“I’m feeling great,” said Selvena Brooks, who has a political past working in the State Senate. “We have a real presence on the ground throughout southeast Queens and a lot of community support.”

Brooks and fellow candidates Pesach Osina, Donovan Richards, Jacques Leandre, Michael Duncan, Allan Jennings, Saywalah Kesselly and Marie Adam-Ovide have spent election day continuing their campaigns, and do not plan to rest until polls close at 9 p.m. tonight.

“I’m going to be out there until 8:59 p.m., just trying to get one more person to the polls” said Marie Adam-Ovide, district manager of Community Board 8. “I’m trying to encourage more people to come out.

 

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City Council replacement to be decided in special election today


| mhayes@queenscourier.com

Photo courtesy of Pesach Osina

Decision day has arrived, and one of eight candidates for southeast Queens’ 31st District will sit upon the City Council.

The council hopefuls hit the ground running just over a month ago when James Sanders vacated his seat and moved to the Senate. The campaign stretch, although short, has been heated.

Michael Duncan, Marie Adam-Ovide, Saywalah Kesselly, Jacques Leandre, Selvena Brooks, Donovan Richards, Allan Jennings and Pesach Osina were put up against each other in several public forums, testing their knowledge of the district neighborhoods and their ideas for the future.

The Daily News reported that in a nonpartisan special election such as this one, political observers note that merely a few hundred votes could determine a winner.

Donovan Richards, Sanders’ former chief-of-staff, received the veteran pol’s support, as well as 18 union endorsements and support from 60 community leaders, according to his Facebook page. Additionally, his campaign war chest came in first, and raised nearly $130,000.

Residents in communities such as Springfield Gardens and Laurelton are concerned with area flooding, and hope their new councilmember can make progress in eliminating the issue. Many people also want to see improvement in the school system and a decrease in home foreclosures.

Photo courtesy of Selvena Brooks 

 

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City Council candidate Jacques Leandre revokes election lawsuit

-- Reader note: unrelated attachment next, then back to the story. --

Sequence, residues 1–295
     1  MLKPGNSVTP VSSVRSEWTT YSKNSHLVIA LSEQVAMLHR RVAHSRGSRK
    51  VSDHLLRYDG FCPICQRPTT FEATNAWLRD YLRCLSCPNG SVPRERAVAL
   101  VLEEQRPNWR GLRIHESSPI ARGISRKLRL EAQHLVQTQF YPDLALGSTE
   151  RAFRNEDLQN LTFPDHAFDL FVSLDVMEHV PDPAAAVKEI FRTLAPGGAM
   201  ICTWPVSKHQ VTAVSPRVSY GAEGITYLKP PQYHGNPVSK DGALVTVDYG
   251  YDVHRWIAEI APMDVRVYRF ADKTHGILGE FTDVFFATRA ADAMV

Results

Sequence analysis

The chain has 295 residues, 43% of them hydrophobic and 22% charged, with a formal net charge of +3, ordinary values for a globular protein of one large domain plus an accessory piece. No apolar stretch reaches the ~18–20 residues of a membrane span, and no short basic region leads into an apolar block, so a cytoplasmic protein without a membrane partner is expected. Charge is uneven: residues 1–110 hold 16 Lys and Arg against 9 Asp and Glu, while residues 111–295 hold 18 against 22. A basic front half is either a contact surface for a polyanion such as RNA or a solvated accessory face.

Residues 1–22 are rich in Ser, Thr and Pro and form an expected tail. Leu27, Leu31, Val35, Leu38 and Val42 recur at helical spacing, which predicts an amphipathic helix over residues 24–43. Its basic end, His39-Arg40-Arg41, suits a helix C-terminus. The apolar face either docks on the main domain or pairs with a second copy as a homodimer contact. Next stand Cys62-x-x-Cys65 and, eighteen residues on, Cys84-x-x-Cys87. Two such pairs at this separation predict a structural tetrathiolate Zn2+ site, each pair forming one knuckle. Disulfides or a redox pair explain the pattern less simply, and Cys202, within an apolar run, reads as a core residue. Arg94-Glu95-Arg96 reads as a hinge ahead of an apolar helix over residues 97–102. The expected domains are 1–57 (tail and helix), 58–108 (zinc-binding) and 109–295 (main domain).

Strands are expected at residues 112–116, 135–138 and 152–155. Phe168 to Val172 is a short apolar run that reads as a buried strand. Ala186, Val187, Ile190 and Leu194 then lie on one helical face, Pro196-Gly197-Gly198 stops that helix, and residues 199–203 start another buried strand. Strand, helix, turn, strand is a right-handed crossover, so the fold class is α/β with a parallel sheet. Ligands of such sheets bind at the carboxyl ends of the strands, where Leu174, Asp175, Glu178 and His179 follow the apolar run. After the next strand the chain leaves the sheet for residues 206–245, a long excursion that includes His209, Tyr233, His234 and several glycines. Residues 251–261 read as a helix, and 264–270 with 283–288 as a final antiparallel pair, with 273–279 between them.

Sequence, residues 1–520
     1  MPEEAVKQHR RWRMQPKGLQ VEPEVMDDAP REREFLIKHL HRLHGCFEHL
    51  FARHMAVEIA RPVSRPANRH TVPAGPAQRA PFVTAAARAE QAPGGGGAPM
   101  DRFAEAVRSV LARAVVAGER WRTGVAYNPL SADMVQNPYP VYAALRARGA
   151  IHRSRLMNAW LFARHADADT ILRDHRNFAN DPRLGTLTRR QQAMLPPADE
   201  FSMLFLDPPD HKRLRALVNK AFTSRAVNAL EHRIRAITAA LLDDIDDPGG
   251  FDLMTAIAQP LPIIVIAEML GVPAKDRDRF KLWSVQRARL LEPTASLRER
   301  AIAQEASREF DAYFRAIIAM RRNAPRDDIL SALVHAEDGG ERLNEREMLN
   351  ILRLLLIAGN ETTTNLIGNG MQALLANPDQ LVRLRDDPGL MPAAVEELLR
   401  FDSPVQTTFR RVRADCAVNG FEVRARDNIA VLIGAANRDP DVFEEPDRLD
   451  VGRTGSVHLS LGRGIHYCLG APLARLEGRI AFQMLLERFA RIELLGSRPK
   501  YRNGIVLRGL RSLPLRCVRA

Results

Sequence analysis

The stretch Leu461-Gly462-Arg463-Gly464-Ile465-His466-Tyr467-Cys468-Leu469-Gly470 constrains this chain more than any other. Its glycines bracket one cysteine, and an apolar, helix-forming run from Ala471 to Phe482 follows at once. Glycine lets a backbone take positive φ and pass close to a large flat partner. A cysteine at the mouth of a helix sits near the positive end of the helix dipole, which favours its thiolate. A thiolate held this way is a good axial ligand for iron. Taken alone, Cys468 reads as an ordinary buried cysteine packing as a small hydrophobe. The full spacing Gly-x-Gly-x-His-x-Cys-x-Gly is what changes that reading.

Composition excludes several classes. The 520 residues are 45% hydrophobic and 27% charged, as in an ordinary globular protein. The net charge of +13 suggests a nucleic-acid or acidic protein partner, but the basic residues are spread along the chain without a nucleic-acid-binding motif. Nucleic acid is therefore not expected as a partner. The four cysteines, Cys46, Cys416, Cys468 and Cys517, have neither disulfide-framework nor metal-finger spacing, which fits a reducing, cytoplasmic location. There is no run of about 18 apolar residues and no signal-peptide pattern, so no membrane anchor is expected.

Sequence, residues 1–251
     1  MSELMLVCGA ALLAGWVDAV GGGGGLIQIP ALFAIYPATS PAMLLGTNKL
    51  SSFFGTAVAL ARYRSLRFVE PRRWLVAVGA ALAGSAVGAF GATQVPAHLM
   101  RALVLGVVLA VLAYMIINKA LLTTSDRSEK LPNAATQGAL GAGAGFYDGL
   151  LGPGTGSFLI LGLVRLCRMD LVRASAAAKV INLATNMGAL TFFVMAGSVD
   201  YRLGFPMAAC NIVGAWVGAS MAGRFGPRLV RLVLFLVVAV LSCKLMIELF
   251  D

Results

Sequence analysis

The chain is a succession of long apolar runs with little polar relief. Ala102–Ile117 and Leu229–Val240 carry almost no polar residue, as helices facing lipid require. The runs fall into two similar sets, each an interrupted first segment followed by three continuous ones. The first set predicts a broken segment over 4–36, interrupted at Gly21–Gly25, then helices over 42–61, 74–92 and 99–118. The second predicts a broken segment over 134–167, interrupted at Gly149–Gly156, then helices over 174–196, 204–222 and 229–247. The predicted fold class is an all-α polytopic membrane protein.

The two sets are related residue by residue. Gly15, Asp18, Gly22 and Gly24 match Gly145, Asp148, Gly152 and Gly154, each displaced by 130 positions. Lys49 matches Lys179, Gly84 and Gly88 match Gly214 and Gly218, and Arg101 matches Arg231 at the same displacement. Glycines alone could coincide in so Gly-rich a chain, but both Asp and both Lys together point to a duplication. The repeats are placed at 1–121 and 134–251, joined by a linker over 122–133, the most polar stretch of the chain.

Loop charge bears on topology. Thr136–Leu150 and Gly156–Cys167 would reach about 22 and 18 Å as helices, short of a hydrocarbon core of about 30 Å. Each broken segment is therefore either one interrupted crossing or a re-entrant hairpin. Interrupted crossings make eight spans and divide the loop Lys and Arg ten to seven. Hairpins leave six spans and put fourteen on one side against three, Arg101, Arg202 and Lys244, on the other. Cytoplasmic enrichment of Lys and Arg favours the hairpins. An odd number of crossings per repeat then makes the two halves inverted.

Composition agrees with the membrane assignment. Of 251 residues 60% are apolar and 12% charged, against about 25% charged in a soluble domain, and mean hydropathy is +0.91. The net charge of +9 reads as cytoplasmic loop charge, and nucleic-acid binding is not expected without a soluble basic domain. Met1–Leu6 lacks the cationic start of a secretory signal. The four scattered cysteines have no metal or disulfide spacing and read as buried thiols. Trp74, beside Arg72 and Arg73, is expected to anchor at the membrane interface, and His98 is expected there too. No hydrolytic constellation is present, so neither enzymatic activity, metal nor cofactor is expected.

| mhayes@queenscourier.com

File photo

Attorney Jacques Leandre, one of nine candidates in a special election for former Councilmember James Sanders’ 31st district seat, has withdrawn a lawsuit questioning the validity of qualifying petitions of some of his rivals after the Board of Elections (BOE) authenticated the signatures.

“Leandre should have never filed his lawsuit in the first place,” said Selvena Brooks, one of the candidates under fire. “[It] was a cynical, anti-democratic exercise, and a waste of the court’s time.”

Before withdrawing his claims, Leandre said that it was all a part of the electoral process, a system that his opponents were “not adequately versed in.”

“This is really nothing out of the ordinary,” he said. “Candidates and objectors have the right to question petition signatures, and the BOE verifies those signatures.” After Leandre and his team received the determination by the board that the other candidates met their requirements, he decided that withdrawing was the best thing to do.

“Although we disagree with the determination, we respect the board’s decision,” he said.

Earnest Flowers, another candidate Leandre targeted, said that the allegations were “most certainly false,” and that it was just a tactic to try and get candidates to spend campaign funds on lawyers instead of the race. Leandre countered this by saying this process ensures the integrity of the race.

Others accused included Allan Jennings, Marie Adams-Ovide, Michael Duncan and Donovan Richards. Richards, Sanders’ former chief-of-staff, is reportedly the favorite and recently received the endorsement of mayoral candidate Bill de Blasio.

The candidates will now square off in several debates until the special election on Tuesday, February 19.